This genius TikTok hack removed a popcorn ceiling using only water - here's how to do it

It’s not the 1980s anymore so we like our ceilings nice and smooth

Popcorn ceiling with a glass chandelier
(Image credit: Future PLC/Darren Chung)

Are you stuck with outdated popcorn ceilings? Also known as stipple ceilings or acoustic ceilings, they were a popular choice from the 1950s all the way to the 80s for their sound-deadening effect. But nowadays popcorn ceilings are top of our list of living room ceiling idea no-nos. If you have the misfortune to have inherited a house with one, then popcorn ceiling removal will be top of your to-do list, and we've just found a super easy hack that has been going viral on TikTok. 

With 16 million views to date, the video was posted by California-based TikToker known as cashmere_baby which sees her spraying her popcorn ceiling with hot water before smoothly scraping off the treatment. This part is very satisfying to watch!

What’s best about this DIY advice is that it lets you remove the texture with a single (and free!) ingredient which you already have at home - water. To see if this hack is legit we consulted decorating experts who also shared interior renovation tips on how to tackle the task of removing a popcorn ceiling.

A living room with pink-painted walls

(Image credit: Future PLC/Damian Russell)

What you’ll need

Popcorn ceiling removal hack

A living room with glass doors and matching patterned curtains and rug

(Image credit: Future PLC/Dominic Blackmore)

While we are excited about this hack, it should be noted that there is no quick and mess-free way of removing a popcorn ceiling. It’s going to take time and it’s going to get messy, so be prepared for that. 

That and the danger of asbestos being present in the ceiling’s material. Thomas Goodman, property and construction expert at, warns about this risk. ‘Before you attempt to remove a popcorn ceiling, you should have it tested for asbestos. It was common to use asbestos in construction up until the early 1990s so there is a chance it could be in your popcorn ceiling if your home dates from before this time. Asbestos is a dangerous, carcinogenic substance which, when disturbed, produces a fine dust. If inhaled, this dust can cause cancer.’

What a dire warning. But if you’re all clear, then this easy step-by-step guide should cover all of your bases. 

Prep work

Popcorn ceiling with a glass chandelier

Example of a popcorn ceiling

(Image credit: Getty Images/ucpage)

As mentioned, removing a popcorn ceiling is a messy job. So you will want to cover all the floors and furniture with dust sheets. Ideally, all furniture and other belongings should be moved out of the room for the duration of this process.

Don’t forget to properly protect yourself, too. ‘You also want to make sure you’ve got goggles and a mask to hand, as you might find bits falling from the ceiling and you want to stay safe whilst you work away,’ advises Natalie White at Rated People.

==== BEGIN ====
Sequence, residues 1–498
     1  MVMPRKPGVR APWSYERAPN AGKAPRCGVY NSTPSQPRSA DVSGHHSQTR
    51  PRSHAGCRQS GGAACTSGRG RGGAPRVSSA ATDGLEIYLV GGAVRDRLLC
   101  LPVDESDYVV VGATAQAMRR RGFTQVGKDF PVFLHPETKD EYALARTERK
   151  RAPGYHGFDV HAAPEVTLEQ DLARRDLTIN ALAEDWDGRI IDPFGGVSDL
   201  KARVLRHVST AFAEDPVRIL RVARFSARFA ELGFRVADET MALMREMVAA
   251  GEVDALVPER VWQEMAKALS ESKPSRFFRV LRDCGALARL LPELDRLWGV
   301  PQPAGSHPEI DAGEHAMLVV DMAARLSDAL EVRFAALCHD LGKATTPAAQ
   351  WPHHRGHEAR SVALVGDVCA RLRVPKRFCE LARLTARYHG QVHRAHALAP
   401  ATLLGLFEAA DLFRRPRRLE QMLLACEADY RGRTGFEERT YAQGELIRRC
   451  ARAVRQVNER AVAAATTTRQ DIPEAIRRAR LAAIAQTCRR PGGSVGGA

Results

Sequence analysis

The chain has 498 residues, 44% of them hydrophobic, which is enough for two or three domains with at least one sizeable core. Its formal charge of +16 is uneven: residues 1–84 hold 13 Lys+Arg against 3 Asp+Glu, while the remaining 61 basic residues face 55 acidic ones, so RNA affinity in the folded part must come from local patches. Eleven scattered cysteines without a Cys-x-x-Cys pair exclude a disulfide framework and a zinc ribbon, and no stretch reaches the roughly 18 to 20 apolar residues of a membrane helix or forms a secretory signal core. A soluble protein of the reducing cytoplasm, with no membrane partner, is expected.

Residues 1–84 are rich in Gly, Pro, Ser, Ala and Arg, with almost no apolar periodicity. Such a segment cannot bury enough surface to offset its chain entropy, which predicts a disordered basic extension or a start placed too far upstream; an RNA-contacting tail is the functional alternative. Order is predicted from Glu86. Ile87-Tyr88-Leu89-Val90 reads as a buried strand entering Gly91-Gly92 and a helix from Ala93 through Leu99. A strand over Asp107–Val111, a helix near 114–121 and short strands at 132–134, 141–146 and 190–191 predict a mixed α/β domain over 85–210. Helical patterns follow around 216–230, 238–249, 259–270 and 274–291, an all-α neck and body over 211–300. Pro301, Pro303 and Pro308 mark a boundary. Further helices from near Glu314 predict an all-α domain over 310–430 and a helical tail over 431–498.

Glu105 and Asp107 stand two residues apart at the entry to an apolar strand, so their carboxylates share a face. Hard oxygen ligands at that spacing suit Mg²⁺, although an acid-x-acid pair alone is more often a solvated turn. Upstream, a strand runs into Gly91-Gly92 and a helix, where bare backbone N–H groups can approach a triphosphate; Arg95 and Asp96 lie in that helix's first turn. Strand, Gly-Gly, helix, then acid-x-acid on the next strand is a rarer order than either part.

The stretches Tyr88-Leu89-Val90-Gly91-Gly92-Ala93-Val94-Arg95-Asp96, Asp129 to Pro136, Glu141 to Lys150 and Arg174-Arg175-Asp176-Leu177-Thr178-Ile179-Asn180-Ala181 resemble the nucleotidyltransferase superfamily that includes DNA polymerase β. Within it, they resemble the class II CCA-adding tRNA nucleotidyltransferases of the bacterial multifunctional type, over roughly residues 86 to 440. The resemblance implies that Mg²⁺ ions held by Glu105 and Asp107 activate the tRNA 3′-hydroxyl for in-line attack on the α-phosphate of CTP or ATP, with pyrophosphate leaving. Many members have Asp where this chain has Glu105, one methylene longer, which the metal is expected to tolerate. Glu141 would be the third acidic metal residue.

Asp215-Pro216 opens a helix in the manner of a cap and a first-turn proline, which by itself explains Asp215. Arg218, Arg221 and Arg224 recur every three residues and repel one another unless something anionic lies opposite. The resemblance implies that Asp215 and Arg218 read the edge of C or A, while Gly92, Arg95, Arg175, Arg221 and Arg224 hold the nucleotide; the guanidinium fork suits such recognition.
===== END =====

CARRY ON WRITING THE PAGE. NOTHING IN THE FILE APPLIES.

Spray ceiling with water

A bedroom with colour-blocked painted walls

(Image credit: Future PLC/Dominic Blackmore)

Grab your spray bottle - a pressurised sprayer will make the job the easiest but any spray bottle will work - and get to spraying.

‘Start by working in small patches and spray the ceiling with warm water. Make sure you don’t soak the ceiling though as you don’t want the drywall behind it to get too wet. Leave the patch of ceiling for around 15 minutes to allow the water to work away,’ Natalie explains.

Scrape away

White-painted hallway and staircase with pendant lights and photos on the wall

(Image credit: Future PLC/Douglas Gibb)

‘Using your scraper start in the corner and run it along the damp surface. The popcorn ceiling should come off easily. If not, respray the area, wait 5 minutes and try again,’ Thomas says.

‘Once it’s all removed, you can sand down any rough bits and then apply a coat of paint to refresh your room,’ adds Natalie. 

It seems easy enough when broken down into simple steps but it is a time-consuming job. Hence, many choose to to go for alternative ways of dealing with this aesthetic nightmare - some sand the ceiling down - ‘It won’t leave you with as smooth of a finish, but it can help you get rid of some of the texture if that’s your main concern,’ Natalie says. Others cover the ceiling over with plaster or with cladding instead so that they don’t have to go through the hustle of removing the popcorn texture.

News Writer

Sara Hesikova has been Ideal Home’s News Writer since July 2023, bringing the Ideal Home’s readership breaking news stories from the world of home decor and interiors, as well as trend-led pieces, shopping round-ups and more. Graduating from London College of Fashion with a bachelor’s degree in fashion journalism in 2016, she got her start in niche fashion and lifestyle magazines like Glass and Alvar as a writer and editor before making the leap into interiors, working with the likes of 91 Magazine and copywriting for luxury bed linen brand Yves Delorme among others. She feels that fashion and interiors are intrinsically connected – if someone puts an effort into what they wear, they most likely also care about what they surround themselves with.